Negative and Positive Feedback Loops

Feedback loops are important in allowing living organisms to maintain homeostasis. Items such as Ph, fluids, and temperature need to be kept in balance and feedback loops help. There are negative and positive feedback loops,

With a negative feedback loop you move above or below a set target. An example found at your house is your thermostat. If it is set at 70 degrees fahrenheit,and the temperature  gets above this the air conditioner will turn on in order to cool the house, and when it falls below 70 degrees it will turn off. It will continue to repeat this process. 

An example in the human body is if your glucose levels get to high then insulin will be released to lower it and if your glucose levels get to low then glucagon is released which will raise glucose levels.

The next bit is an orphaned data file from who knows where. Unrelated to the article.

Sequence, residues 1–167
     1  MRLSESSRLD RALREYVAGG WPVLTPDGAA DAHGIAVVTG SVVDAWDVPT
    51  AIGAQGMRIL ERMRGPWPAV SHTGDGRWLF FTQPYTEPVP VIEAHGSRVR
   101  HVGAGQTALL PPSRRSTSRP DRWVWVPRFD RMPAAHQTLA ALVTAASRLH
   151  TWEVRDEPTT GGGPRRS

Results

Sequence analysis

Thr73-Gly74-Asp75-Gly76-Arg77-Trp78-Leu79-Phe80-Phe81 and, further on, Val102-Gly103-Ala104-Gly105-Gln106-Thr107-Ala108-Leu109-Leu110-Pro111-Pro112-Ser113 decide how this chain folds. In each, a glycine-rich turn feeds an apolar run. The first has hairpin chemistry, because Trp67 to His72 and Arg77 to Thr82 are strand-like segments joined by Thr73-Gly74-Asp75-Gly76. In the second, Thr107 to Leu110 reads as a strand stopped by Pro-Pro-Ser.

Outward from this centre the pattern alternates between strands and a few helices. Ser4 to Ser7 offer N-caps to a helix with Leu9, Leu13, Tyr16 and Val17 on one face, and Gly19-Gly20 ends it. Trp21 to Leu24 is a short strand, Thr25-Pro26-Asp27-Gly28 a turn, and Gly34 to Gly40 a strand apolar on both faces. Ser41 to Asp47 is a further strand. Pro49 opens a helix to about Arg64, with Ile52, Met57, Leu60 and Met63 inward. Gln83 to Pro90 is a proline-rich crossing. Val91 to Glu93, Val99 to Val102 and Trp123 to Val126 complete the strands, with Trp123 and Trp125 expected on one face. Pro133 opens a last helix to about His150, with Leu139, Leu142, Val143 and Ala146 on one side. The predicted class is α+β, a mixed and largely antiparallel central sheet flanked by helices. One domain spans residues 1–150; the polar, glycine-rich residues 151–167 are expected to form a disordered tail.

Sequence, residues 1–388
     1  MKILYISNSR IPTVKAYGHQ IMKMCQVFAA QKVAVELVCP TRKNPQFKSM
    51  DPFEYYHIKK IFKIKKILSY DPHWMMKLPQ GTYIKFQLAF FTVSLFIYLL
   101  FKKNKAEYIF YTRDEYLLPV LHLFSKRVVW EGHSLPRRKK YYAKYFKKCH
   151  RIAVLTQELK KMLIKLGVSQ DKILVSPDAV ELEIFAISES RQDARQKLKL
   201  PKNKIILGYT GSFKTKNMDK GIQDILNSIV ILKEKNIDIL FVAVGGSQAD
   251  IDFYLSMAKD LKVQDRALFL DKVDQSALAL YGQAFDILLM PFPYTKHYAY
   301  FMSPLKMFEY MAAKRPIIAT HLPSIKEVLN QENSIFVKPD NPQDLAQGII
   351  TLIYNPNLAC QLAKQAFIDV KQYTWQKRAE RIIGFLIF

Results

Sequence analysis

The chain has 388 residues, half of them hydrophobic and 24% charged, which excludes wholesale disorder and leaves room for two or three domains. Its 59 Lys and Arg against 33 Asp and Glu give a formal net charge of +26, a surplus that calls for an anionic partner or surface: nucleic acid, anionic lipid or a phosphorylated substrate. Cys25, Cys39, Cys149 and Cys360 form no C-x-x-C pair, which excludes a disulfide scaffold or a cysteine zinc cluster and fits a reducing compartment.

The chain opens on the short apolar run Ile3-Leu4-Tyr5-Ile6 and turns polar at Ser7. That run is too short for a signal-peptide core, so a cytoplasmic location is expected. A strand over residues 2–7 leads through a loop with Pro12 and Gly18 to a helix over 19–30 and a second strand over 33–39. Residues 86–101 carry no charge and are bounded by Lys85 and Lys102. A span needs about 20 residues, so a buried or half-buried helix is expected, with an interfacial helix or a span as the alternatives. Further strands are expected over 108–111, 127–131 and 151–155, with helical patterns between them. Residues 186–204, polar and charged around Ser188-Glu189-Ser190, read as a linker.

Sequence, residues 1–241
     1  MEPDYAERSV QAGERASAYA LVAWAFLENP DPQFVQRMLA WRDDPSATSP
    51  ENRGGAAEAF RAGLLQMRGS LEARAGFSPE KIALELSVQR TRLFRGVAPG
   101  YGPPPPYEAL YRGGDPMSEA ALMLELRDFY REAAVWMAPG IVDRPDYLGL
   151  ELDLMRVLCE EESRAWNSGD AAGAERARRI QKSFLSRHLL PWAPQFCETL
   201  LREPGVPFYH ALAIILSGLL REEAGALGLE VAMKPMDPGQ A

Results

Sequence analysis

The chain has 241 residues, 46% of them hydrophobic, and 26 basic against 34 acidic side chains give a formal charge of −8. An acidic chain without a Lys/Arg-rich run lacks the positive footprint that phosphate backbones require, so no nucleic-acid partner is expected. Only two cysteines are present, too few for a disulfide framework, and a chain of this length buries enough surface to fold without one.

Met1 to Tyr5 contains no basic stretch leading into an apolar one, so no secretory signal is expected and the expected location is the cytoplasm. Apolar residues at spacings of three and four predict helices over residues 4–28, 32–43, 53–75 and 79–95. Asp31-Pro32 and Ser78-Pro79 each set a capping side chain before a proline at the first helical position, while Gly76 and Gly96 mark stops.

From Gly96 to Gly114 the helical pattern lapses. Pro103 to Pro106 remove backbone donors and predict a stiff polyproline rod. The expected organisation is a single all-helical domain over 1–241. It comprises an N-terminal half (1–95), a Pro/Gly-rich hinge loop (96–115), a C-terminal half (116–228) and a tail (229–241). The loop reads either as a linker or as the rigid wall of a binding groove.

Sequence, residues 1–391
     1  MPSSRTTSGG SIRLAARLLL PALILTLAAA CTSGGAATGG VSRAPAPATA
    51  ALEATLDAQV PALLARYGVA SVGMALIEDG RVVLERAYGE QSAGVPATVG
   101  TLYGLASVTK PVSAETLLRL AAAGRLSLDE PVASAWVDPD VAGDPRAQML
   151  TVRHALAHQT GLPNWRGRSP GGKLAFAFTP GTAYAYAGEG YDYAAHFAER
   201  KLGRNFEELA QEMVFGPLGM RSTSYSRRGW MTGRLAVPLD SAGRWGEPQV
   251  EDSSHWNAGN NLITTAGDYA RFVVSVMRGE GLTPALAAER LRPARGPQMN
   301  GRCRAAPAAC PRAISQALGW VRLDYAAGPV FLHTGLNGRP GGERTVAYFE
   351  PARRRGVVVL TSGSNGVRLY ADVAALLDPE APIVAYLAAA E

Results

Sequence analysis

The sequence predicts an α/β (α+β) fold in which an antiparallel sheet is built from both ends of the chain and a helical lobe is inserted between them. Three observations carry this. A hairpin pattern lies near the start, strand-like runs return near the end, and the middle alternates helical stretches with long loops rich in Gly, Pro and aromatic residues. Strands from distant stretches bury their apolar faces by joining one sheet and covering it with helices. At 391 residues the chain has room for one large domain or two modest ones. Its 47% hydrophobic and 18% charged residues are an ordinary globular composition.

negative feedback loop

With A positive feedback loop or amplification you move away from a target set point.  For example, if the speed limit is 55 mph a positive feedback would see this speed limit as a challenge and would try to go much faster than the limit of 55 mph. It would amplify the speed.

During childbirth contractions are triggered by pressure from the head of the baby on the cervix, the contractions increase the pressure on the cervix which causes more contractions, which in turn causes more pressure and more contractions. The contractions are amplified with this positive feedback.

So in summary, feedback loops help organisms maintain homeostasis. Homeostasis is the process by which an organism maintains a stable internal environment despite changes in the external environment. This in turn keeps the internal environment in balance and keeps the organism alive.